But the statistical data was ‘pliable’ not only in areas related to agriculture but in industry as well. The industrial statistics often included defective low-quality produce in the count, which could not really be used for anything.
Thus, when the first Five-Year Plan (1957-1961) was declared completed two and a half years ahead of schedule based on industrial output, the reported results incorporated (like in the Chinese Great Leap Forward) a certain percentage of steel, iron, machines and other industrial goods that were indeed produced but could not in reality be used any further.
In 1958-1959, inspired by the rhetoric of the Chollima movement and the idea of a self-sufficient independent economy, the North Koreans attempted to reproduce the Soviet Vityaz tractors and GAZ automobiles by disassembling and copying them part-by-part, without any technical documentation. In 1959 about 100 tractors and 120 automobiles were produced this way.
Understandably, there were no two of a kind among these ‘machines,’ and even the North Koreans themselves had to admit that they were essentially useless, as the parts were not interchangeable and had to be made for each unit specifically. Yet nevertheless, those tractors and automobiles were still included in the results of the five-year plan.
“Facts are stubborn things, but statistics are pliable”
Light industry was also not left out of this trend. In 1962, assistance from the PRC was put into operation at the Hyesan paper mill, with the intention of producing kraft paper and kraft sack paper and satisfying the domestic demand.
The statistical reports show a rapid increase in paper production starting from that year. But the quality of the paper produced at Hyesan was so low that it did not fit the technical requirements and could not be used, and thus despite putting the factory into operation North Korea still had to import 100 percent of the kraft paper it needed.
Yet at the same time, the produce of the Hyesan paper mill was also counted in the reports as paper produced in the country.
Statistical results were also played around with at higher levels. Despite having long-term (five-and seven-year) development plans, in the 1950s-1960s the North Korean economic development often deviated from them and went mostly by way of short-term one-year plans, the target figures for which, unlike the major plans, were often not published or disclosed to the general public.
This left an avenue for presenting a more favorable picture than in reality, by adjusting the goals to fit with the actual results when it became evident that the original figures would not be obtained.
Thus, for example, the WPK CC Plenum in December 1962 set the industrial growth target for 1963 at 11 percent, yet the targets for many heavy industry branches were not published, and neither were the results of the previous yearly plan.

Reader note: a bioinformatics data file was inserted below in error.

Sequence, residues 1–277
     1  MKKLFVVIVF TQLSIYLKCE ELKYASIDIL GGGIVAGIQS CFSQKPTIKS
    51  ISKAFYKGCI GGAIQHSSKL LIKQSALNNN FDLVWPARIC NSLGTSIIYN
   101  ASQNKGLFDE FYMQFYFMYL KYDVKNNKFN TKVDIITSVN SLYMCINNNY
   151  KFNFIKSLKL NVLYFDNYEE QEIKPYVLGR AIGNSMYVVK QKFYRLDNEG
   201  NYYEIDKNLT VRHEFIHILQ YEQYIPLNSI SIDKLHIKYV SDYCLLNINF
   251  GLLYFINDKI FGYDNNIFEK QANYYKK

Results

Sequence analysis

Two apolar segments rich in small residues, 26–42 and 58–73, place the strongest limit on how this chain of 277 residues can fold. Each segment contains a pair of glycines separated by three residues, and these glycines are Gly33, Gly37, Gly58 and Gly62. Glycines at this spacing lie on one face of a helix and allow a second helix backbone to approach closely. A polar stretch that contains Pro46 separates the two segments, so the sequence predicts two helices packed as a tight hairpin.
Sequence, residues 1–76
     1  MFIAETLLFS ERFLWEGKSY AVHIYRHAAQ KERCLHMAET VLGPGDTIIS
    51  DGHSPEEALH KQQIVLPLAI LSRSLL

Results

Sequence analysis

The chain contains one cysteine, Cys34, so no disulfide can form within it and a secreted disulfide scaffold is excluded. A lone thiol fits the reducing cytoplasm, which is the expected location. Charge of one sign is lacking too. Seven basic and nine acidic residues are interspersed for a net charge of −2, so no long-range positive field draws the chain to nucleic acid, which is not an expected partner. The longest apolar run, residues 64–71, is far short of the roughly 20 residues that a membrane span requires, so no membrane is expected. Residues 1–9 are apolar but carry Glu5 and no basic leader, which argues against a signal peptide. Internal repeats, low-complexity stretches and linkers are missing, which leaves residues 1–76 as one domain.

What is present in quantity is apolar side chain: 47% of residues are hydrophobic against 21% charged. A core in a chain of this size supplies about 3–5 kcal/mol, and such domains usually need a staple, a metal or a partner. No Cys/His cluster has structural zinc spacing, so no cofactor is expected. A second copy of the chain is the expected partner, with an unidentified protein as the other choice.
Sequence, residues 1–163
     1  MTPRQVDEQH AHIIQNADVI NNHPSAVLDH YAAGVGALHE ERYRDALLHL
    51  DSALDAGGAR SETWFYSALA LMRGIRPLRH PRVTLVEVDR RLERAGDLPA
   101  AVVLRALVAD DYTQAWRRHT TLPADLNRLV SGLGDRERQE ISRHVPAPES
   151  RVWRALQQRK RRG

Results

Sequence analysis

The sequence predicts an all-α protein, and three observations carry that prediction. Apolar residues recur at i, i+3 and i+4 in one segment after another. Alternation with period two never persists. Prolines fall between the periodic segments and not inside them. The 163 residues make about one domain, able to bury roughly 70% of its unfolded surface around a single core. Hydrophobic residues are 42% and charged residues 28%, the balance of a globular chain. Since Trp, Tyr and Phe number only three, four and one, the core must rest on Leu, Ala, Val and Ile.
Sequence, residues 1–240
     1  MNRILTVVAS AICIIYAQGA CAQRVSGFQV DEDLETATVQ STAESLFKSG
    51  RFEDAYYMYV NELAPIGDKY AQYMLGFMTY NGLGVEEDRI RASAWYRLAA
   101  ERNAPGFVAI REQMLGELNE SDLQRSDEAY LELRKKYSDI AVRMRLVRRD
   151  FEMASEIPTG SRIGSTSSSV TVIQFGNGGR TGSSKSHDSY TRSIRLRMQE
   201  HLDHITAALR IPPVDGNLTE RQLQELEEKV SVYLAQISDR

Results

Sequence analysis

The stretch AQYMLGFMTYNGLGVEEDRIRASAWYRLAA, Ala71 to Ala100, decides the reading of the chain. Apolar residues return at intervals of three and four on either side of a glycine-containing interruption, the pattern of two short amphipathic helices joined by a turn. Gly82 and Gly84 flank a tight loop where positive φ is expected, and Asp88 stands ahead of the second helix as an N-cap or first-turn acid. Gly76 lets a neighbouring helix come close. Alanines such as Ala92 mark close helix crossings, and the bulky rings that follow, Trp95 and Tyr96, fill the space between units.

Then in September 1963, the head of the State Planning Committee Jeong Jun-taek reported that the pace of development was higher than planned – but by then the planned growth had been lowered to 8 percent. The report was printed in the Rodong Sinmun,which made it appear as though passing the target was related to the original, and not the lowered, figures.
As such examples demonstrate, while North Korean official economic statistics from back in the 1950s-1960s were not completely divorced from reality, as it did not provide completely fictional data, one still cannot really rely on it, as the reality it presented was somewhat distorted.
It does bear a certain internal consistency, in that it is consistent with the way it treats, organizes and interprets the data. Yet as can be seen from the North Korean case, internal consistency does not equal statistical accuracy.
As official statistics from both recent years and the past have shown, providing the truth, but not the whole truth, is not enough to reflect the actual economic situation.
Edited by James Fretwell
Featured image: DPRK Today
“Facts are stubborn things, but statistics are pliable,” as Mark Twain once said. It is well-known that North Korea for the last fifty or so years has not been forthcoming with its statistical data, and there have been many discussions about the reliability of the data that is being provided by the state in recent decades.However, the trend is not new, and even between the
Natalia Matveeva is a Ph.D. student at the London School of Oriental and African Studies (SOAS), focusing on the economic and political development of North and South Korea in the late 1950s-early 1960.